DIRECT CARRIER BILLING: A BLESSING AND A CURSE?
An Article by Polina Hristova for ROCCO
What is Direct Carrier Billing?
Remember back in the late 90s and early 2000s how afraid we were of pressing that browser icon because we knew it meant instant money loss? It would open a homepage and there you could buy wallpapers and tunes, while instantly charging you a fee just for being there. And if you really wanted to buy something, you were provided with a number and a code – all you had to do was send an SMS and the transaction would be completed. The actual payment would be realised at the end of the month when the complete bill from your MNO arrived; sometimes there were some really unfortunate people (like me) who were caught in an endless retro clickjacking loop. But more about that later.
All of this twitchy paranoia used to perfectly describe direct carrier billing (DCB), or the art of spending money on virtual goods without providing any card details. The operator would slap it on your bill at the end of the month and half-angry, half-regretful, you’d just pay it and that was it. End of story.
But throughout the years, DCB has shed a few layers of skin and emerged with different colours and opportunities, showing a much refined, elegant approach than what it used to be. Don’t be naïve to think it’s old and obsolete – the opposite. A much bigger part of the world population does not have the luxury of owning a card, making this their only option to be included in online purchasing. So yes, it’s a great tool to access the developing countries rather than the developed ones, although it’s speculated that its significance will rise in Europe.
Nowadays, DCB is a one-click experience that allows people to instantly pay for apps (Google Play), subscriptions (Spotify) and in-game payments but don’t worry, it has to be previously activated in the phone’s settings, so your child won’t blow up your bill and you won’t have to be embarrassingly justifying yourself to your MNO as to why you don’t want to pay it. Google announced that they will be expanding DCB to tablets, but the feature would still have to be activated through your smartphone.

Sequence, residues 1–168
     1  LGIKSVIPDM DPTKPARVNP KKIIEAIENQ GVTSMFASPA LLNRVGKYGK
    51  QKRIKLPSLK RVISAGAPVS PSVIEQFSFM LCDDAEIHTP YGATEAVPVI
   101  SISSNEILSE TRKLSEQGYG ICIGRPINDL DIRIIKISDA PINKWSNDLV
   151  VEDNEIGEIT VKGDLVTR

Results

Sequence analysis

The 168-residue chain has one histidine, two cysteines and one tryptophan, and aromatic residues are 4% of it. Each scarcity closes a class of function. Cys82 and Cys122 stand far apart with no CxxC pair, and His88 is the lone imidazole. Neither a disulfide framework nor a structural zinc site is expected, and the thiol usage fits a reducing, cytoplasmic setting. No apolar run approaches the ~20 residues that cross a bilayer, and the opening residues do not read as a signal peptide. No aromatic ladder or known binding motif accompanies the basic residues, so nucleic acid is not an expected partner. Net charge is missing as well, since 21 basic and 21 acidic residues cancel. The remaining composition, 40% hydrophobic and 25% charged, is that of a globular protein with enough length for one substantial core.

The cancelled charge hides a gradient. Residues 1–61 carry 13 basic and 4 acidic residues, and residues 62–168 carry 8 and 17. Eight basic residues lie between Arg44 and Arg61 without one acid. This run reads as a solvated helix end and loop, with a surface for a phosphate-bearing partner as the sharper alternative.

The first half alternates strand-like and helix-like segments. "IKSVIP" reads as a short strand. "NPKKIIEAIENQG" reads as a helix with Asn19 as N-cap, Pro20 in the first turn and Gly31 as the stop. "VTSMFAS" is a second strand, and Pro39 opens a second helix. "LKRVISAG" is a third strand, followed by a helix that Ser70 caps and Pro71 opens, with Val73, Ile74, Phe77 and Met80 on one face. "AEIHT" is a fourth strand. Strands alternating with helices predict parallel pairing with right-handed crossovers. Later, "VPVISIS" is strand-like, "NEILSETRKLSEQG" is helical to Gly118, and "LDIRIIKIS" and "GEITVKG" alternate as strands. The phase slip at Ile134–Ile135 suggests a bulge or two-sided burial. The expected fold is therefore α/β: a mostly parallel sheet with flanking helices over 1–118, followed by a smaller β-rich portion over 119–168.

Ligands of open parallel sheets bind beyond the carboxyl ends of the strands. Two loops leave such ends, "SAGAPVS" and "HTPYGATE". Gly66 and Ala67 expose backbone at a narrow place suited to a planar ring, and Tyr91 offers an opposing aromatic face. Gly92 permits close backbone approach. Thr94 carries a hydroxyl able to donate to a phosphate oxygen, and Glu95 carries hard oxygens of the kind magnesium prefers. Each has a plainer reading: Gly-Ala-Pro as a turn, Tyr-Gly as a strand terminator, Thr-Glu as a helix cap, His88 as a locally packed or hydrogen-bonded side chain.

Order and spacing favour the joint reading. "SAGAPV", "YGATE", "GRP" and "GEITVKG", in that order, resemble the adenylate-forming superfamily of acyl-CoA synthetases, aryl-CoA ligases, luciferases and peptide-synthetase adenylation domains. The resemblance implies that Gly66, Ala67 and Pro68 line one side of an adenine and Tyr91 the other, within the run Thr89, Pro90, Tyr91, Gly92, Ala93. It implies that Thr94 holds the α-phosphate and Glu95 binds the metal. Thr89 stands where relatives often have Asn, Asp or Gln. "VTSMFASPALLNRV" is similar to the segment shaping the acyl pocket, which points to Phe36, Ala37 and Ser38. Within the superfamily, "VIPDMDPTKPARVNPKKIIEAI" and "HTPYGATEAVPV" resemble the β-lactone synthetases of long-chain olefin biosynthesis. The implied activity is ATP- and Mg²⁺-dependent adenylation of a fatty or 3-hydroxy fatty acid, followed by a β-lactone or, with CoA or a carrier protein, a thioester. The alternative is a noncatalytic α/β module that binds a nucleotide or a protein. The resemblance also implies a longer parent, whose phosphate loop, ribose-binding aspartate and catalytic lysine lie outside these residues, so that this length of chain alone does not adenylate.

Apple seems to be one of the few that still don’t support DCB, despite attempts to expand its reach with cheaper phones, but maybe it won’t be for long.
DCB is no longer used to purchase only virtual goods though: some use it to pay for parking and others to purchase football/concert tickets.
The most prominent security flaws would be the clickjacking or Iframing that was mentioned earlier. If you’ve ever streamed a movie that could not be found on Netflix or HBO, you will probably find this to be painfully familiar. Invisible layers of pure frustration and deceit placed on top of that much desired play button, and in order for you to reach it, you end up clicking your way through an almost comical compilation of shady ads which you scramble to close as fast as they appear until you can finally watch your show. Phew, one hell of a battle that would make anyone sweat thinking of the potential damage.
But imagine having to do that on your phone – maybe this malicious traffic you’re generating also steals money from you under the form of suspicious little fees which start littering your bill at random times of the night; you find yourself subscribed to a billion things you’ve never even heard of and you anger soars even higher now that the weight of your wallet is a bit lighter – not fun.
Take a deep breath now, we know it’s infuriating. There are specific fraud prevention companies that deal with this type of mobile billing, so this world is not completely hopeless!
But how does this work for the sellers?
Every mobile operator has their own commercial terms, but average payouts to merchants usually range between 70-80% nowadays and they used to be 50% in the past. Nowhere near the 2% that card-based payments impose, but they’re also a lot less frequent.
If you’re an impulsive buyer who often indulges in micropayments… maybe this would not be the wisest option for you, but if you’re someone who lacks access to basic financial services, then this would be a pretty comfortable solution.